Mr Bush insisted the world is better off without despotic Iraqi president Saddam Hussein in power and said "there was no stronger ally" than Britain when Mr Blair was prime minister.
Mr Blair was severely criticised by Sir John Chilcot's inquiry into the Iraq War, with his closeness to Mr Bush and his July 2002 assurance that he would back the US commander in chief "whatever" coming under particular scrutiny.
Mr Bush's communications director, Freddy Ford, told BBC News: "President Bush is hosting wounded warriors at his ranch today and has not had the chance to read the Chilcot Report.
"Despite the intelligence failures and other mistakes he has acknowledged previously, President Bush continues to believe the whole world is better off without Saddam Hussein in power.
"He is deeply grateful for the service and sacrifice of American and coalition forces in the war on terror. And there was no stronger ally than the United Kingdom under the leadership of Prime Minister Tony Blair.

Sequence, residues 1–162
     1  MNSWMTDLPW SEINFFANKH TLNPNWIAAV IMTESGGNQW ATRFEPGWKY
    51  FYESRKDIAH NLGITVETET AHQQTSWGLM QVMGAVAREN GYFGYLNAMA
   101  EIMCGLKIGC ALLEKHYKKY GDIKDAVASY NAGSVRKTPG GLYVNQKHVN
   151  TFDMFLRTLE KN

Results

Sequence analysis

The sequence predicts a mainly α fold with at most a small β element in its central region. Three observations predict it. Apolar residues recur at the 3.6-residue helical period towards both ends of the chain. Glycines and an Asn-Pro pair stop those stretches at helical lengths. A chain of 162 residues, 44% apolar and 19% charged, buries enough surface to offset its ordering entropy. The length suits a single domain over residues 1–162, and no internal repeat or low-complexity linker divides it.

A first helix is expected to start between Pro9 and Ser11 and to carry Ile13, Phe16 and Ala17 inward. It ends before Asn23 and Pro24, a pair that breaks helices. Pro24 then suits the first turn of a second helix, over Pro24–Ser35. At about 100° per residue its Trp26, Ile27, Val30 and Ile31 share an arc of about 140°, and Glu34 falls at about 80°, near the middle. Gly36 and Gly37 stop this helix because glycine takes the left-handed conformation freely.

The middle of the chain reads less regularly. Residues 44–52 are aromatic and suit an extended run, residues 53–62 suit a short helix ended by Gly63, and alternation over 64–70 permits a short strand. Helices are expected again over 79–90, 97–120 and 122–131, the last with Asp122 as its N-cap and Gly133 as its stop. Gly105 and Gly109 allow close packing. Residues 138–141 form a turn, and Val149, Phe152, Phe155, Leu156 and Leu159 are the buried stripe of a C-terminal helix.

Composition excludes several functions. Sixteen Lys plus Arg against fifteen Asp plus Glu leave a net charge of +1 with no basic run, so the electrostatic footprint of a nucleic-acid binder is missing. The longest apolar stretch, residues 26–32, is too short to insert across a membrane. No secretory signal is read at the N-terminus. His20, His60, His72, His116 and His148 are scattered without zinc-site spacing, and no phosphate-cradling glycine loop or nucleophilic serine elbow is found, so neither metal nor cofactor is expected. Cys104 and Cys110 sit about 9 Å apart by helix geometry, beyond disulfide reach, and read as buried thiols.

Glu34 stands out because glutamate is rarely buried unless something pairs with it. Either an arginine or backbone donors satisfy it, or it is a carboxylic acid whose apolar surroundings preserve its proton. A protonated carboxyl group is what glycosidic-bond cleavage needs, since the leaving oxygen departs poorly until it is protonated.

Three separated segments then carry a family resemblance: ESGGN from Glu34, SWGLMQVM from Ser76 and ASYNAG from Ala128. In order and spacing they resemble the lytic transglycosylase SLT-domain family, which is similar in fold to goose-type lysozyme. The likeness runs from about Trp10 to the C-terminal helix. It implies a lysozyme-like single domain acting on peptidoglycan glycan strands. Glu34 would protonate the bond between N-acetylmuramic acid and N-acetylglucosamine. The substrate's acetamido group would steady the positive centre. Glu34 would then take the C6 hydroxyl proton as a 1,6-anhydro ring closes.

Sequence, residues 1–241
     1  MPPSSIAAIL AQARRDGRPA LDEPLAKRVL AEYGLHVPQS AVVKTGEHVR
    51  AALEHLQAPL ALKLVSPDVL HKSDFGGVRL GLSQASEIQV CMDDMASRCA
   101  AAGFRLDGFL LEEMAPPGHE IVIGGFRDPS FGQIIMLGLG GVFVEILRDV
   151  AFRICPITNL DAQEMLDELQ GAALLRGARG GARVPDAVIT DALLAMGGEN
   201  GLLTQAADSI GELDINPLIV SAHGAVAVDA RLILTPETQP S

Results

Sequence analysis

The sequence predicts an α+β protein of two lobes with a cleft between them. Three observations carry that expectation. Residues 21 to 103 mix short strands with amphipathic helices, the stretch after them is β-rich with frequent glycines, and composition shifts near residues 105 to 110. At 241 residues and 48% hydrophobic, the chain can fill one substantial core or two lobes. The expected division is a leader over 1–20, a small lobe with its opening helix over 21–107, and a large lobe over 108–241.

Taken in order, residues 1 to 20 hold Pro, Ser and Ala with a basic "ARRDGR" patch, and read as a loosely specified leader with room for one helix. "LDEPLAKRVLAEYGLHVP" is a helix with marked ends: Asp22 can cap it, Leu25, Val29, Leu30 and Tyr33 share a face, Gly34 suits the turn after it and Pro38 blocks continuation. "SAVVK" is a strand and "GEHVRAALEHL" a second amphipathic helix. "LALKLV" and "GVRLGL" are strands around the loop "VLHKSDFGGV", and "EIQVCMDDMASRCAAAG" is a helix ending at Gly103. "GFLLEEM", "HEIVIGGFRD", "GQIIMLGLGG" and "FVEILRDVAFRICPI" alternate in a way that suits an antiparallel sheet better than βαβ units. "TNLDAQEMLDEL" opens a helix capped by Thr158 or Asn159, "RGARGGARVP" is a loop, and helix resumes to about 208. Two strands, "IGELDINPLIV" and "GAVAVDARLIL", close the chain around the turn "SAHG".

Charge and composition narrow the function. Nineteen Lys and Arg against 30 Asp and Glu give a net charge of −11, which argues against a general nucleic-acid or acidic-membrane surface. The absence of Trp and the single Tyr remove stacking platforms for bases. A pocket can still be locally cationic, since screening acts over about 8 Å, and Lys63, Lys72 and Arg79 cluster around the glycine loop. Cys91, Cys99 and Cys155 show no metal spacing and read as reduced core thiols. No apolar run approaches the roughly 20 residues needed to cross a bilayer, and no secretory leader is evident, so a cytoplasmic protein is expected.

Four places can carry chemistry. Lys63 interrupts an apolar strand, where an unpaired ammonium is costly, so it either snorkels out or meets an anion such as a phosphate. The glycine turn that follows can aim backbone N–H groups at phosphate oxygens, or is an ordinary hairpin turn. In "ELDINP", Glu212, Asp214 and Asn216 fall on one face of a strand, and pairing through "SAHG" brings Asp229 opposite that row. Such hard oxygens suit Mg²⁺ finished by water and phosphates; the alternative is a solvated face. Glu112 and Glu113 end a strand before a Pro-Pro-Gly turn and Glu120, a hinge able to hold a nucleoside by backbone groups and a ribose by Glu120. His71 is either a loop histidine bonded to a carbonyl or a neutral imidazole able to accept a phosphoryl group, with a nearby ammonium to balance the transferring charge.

"President Bush believes we must now find the unity and resolve to stay on the offensive and defeat radical extremism wherever it exists."
Father of soldier who died in Iraq challenges Blair to meet him
Peter Brierley, whose son Shaun died during the conflict, was among those who had a private meeting with Mr Corbyn and heard his public apology.
He said: "It's something I would have expected from Jeremy - he's always been anti-war.
"For him to be able to stand up there and give us that apology - it means more than if the right bloke had done it.
"He is under fire, he did not have to do that."
Mr Brierley said it was right that Mr Corbyn did not attack Mr Blair in his speech, adding: "That is not what he was there for. He was talking about the Chilcot Report and what happened in Iraq and he did not mention legalities and he didn't mention people who did wrong."
But the 65-year-old, from Batley, West Yorkshire, challenged the former prime minister to a face-to-face meeting to explain his decision.
"I know that he does not want to face us - he seems to be frightened in our presence," he said.